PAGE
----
A Dangerous Trend: The Move Away from Abstinence Based Addiction Treatment
The face of addiction treatment is changing, and not for the better.
Betty Ford and Hazelden have long been beacons of hope in the addiction treatment community, two well-known and respected centers that used 12-step treatment and abstinence based recovery to help thousands of people recover from addiction for decades.
The Betty Ford Center and the Hazelden Foundation announced in 2013 that they were pursuing a “formal alliance” to become the nation’s largest nonprofit addiction treatment provider. Mainstream media outlets noticed the story but in general, the news did not gain the public’s attention. On the surface, why should it? However, to those of us who owe our lives to abstinence-based addiction recovery, the news was shocking.
Hazelden and now Betty Ford, may be minimizing or eliminating their emphasis on abstinence-based addiction recovery. In an abstinence-based recovery model, addicts are considered sober if they refrain from using mind-altering substances on a recreational basis. Some minor exceptions are made for painkillers for a short term, such as after a major surgery, but for the most part, addicts are suggested to live a life not taking substances for non-medical purposes or that affect them from “the neck up.”
Instead of an abstinence model, Betty Ford and Hazelden are embracing what is known as a harm-reduction form of treatment using pharmaceutical interventions. These medical based treatments use pharmaceuticals like methadone or Suboxone, and other drugs, to limit the “harm” or negative consequences of substance abuse, attempting to keep the individual using a pharmaceutical in smaller amounts than their drug of choice, less often, and staying addicted to the pharmaceutical substitute, but using enough of a substitute not to get dope sick. This is an “evidence-based” treatment, and one that pharmaceutical companies are pushing as they stand to make millions of dollars from the sale of harm-reduction pharmaceutical products.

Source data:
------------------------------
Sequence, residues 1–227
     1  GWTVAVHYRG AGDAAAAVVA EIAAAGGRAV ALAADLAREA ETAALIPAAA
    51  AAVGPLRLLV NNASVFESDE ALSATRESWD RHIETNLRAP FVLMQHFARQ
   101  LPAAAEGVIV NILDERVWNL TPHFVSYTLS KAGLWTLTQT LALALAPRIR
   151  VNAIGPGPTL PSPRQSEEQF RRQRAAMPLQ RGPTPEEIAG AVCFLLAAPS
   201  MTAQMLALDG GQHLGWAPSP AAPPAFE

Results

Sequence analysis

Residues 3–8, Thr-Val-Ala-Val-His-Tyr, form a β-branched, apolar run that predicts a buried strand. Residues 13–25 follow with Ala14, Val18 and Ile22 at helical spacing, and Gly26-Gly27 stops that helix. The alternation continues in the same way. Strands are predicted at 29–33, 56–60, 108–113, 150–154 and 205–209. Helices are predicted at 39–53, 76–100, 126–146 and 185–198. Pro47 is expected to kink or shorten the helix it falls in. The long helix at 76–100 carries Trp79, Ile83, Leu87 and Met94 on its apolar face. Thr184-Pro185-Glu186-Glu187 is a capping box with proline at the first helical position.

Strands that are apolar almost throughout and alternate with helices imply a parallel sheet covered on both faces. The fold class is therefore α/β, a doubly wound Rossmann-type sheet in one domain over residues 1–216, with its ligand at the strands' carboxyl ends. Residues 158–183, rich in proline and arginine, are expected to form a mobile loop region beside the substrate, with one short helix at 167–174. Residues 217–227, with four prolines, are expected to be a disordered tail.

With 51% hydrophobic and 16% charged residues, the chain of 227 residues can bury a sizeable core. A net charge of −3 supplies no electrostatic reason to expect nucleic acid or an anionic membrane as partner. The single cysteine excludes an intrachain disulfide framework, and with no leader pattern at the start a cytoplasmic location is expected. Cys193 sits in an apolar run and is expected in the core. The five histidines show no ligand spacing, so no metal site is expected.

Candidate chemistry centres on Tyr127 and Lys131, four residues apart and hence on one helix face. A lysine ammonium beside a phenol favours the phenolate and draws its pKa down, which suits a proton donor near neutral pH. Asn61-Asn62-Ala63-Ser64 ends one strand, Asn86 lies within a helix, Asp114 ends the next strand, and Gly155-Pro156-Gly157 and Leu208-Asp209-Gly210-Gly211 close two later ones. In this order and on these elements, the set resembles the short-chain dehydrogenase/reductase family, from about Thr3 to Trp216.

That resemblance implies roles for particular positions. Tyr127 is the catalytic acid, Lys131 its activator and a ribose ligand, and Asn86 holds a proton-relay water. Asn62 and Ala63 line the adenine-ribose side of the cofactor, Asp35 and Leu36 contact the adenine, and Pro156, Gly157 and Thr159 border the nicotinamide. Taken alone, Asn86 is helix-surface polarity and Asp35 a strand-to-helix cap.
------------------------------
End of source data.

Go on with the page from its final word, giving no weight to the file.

Hazelden supports medication-based treatments for harm reduction, which is in truth only replacing one drug for another drug. Insurance companies are inclined to pay for this treatment as it can get people out of residential care rather quickly; residential care is more expensive than outpatient treatment and there is no guarantee that residential treatment, for which insurance only offers limited stays, will work, particularly if the care is cut short by insurance.
The Mental Health Parity and Addiction Equity Act ensures that insurance will pay for a 30-day inpatient program for those who require it. Originally, practitioners within the field of drug and alcohol rehabilitation had hope that access to treatment facilities would increase because of the law. In fact, just the opposite has occurred. The push is now to keep addicts addicted to pharmaceuticals instead of truly helping them get clean and rebuilding happy lives. The impetus is economic.
There are many different approaches to the treatment of alcohol and drug addiction, and studies show that a multi-modality approach is the best. Everyone recovers differently. All treatments should be available and the choice left to the individual and physician, not the insurance provider.
When choosing a treatment center, know what kind of life you want. If you want to be free from drugs and alcohol, find an abstinence-based treatment center that uses evidence-based, whole-health therapies and go for 90+ days. That’s what the science tells us provides the best opportunity for long-term recovery, and you deserve your best life.
Richard Taite is founder and CEO of Cliffside Malibu, offering evidence-based, individualized addiction treatment based on the Stages of Change model. He is also co-author with Constance Scharff of the book Ending Addiction for Good.